*Some Spoilers Below*
This was a pretty good mystery, marred by a hasty ending. But after
reading that dreadful Patricia Cornwell book a week or so ago, this was
just the palate cleanser I needed for that genre.
expecting too much when I opened it, and I've never read any Laura
Lippman before, but from the beginning, the characters were interesting,
the mysteries engaging, and the book moved quickly from scene to scene.
The theme of the book centers around children who go into the
system - the detective, Tess Monaghan, is hired by one client to find
the daughter she gave up for adoption, while the other client went to
jail for shooting and killing a boy who was in foster care. This
character, Luther Beale, claims he wants to try to make some kind of
peace with the other children who were present the night Donnie Moore
was shot. Tess believes him. And then those children start to turn up
The problem I did have with the book is that the epilogue
is far too rushed. I have this theory, that I just came up with, that an
epilogue can add one major piece of information per character. More,
and you needed another chapter earlier to relay one of those pieces of
information or to foreshadow it, or something. But in the epilogue, too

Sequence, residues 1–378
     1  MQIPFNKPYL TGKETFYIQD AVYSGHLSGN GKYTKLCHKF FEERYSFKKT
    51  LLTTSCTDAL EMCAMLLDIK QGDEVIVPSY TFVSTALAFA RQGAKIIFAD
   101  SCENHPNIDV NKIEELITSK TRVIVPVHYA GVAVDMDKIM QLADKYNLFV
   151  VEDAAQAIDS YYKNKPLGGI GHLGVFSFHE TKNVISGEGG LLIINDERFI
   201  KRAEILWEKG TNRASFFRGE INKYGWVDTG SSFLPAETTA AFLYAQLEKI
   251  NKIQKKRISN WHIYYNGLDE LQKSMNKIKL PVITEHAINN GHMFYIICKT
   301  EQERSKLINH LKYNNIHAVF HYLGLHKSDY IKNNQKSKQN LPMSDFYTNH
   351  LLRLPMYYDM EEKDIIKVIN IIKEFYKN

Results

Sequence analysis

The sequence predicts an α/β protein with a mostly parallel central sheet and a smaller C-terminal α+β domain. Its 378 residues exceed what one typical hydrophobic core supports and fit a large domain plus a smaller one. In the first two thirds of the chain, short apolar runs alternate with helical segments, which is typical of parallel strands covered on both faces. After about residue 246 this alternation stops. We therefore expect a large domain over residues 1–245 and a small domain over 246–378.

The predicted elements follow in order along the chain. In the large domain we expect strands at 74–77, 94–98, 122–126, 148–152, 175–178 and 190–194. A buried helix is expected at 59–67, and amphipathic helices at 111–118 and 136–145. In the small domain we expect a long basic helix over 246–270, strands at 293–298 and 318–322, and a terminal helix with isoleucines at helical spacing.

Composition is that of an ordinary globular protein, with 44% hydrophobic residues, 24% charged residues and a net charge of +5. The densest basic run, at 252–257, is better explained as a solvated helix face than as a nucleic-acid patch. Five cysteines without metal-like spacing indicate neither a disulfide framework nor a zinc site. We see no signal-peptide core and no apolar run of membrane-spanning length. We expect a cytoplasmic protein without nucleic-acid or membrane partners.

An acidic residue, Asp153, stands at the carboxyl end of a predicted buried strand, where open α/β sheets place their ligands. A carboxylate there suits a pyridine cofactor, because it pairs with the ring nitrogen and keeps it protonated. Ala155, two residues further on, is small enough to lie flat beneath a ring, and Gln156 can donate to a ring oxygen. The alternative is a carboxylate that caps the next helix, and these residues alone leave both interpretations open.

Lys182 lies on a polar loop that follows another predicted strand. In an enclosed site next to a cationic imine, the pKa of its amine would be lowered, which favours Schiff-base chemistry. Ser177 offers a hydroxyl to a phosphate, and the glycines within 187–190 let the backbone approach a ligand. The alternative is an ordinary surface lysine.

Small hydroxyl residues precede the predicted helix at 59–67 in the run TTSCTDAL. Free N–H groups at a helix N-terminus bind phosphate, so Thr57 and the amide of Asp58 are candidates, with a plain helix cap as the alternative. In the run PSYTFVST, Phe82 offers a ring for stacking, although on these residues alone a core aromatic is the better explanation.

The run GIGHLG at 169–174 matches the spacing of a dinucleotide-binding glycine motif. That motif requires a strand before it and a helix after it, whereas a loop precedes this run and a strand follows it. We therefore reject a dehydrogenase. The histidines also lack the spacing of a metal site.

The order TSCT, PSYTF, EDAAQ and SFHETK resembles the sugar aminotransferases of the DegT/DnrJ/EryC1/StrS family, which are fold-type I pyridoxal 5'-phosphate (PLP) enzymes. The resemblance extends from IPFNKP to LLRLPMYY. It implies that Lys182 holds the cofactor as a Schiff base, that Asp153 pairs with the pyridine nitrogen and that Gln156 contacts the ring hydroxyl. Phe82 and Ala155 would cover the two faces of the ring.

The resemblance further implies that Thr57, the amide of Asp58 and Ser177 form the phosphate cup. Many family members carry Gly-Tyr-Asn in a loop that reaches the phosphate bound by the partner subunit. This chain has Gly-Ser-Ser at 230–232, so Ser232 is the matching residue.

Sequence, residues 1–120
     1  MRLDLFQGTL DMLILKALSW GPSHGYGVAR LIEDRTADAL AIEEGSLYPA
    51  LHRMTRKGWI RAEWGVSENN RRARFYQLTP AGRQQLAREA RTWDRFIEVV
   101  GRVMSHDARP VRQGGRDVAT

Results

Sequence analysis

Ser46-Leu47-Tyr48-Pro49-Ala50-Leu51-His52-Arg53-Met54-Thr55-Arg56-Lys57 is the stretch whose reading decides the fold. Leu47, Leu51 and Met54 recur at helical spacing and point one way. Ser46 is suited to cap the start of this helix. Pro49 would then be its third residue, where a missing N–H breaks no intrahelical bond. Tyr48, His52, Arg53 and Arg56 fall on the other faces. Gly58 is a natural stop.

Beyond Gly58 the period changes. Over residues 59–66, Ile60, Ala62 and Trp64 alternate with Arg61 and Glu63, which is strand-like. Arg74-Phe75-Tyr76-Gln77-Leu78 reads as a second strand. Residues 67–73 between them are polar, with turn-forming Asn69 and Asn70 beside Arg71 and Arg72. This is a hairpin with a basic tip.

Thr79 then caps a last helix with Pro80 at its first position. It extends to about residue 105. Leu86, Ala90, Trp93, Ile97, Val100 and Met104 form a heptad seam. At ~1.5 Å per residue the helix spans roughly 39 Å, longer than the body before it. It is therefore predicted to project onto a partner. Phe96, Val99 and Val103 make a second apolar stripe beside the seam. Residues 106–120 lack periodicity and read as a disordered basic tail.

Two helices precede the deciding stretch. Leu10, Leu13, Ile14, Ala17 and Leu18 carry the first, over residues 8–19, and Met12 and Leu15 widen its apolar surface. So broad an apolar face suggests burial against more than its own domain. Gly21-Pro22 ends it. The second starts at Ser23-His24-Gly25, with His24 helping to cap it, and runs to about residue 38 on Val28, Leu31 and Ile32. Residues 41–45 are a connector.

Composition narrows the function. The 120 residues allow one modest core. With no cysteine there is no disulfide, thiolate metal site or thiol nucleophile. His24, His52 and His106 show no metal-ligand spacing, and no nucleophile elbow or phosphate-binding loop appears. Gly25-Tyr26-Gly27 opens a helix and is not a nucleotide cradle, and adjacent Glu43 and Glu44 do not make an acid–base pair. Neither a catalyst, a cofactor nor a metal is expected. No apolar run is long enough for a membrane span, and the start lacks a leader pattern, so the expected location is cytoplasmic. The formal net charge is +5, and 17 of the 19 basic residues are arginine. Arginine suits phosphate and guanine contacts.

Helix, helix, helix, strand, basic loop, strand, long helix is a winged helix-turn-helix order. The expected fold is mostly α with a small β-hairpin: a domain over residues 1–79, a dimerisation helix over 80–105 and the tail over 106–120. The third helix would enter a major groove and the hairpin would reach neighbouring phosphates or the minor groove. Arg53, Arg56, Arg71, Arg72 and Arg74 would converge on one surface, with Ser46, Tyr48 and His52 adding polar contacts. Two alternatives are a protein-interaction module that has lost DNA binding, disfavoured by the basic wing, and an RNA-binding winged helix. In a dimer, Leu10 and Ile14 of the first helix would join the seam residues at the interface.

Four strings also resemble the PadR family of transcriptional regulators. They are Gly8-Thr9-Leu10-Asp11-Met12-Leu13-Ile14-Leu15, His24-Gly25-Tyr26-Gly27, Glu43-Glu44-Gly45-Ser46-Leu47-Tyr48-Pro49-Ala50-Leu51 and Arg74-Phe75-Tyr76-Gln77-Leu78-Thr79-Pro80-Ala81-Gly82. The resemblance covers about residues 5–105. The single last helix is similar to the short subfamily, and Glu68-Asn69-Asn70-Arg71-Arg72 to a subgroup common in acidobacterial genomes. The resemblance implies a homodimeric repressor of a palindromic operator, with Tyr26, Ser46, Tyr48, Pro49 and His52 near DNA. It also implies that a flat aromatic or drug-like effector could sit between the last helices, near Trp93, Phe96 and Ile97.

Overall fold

much comes out, it's all too fast, and I wasn't given time to process
any of it.
For example: *Major Spoilers*
Okay, Jackie did decide to be in contact with her daughter, fine.
wait, the entire Monaghan family had welcomed her into the fold after
they found out she had had a child at sixteen by the patriarch of the
family? (It's not that this couldn't happen, it just can't happen off
the page and be convincing.)
And she is in the process of adopting the infant and orphaned sister of Donnie Moore?
And is something going on between her and the cop?
Some of this needed foreshadowing.
And so we find out Donnie Moore's foster parents were gaming the system for money. Fine.
But they were also gun running?
And acting as Fagin, sending out their foster children to steal for them?
too much of an infodump, and some of it really needed to be in the main
narrative, or hinted at in the main narrative. As it stands, the book
downloads all that and more, in the last 5 pages. These are important
enough developments to be part of the denouement, not the epilogue.
this wasn't the greatest mystery in the world, it was solid. Lippman
doesn't have the style of the truly great mystery writers, but I enjoyed
Butchers Hill, and will probably read more of her books.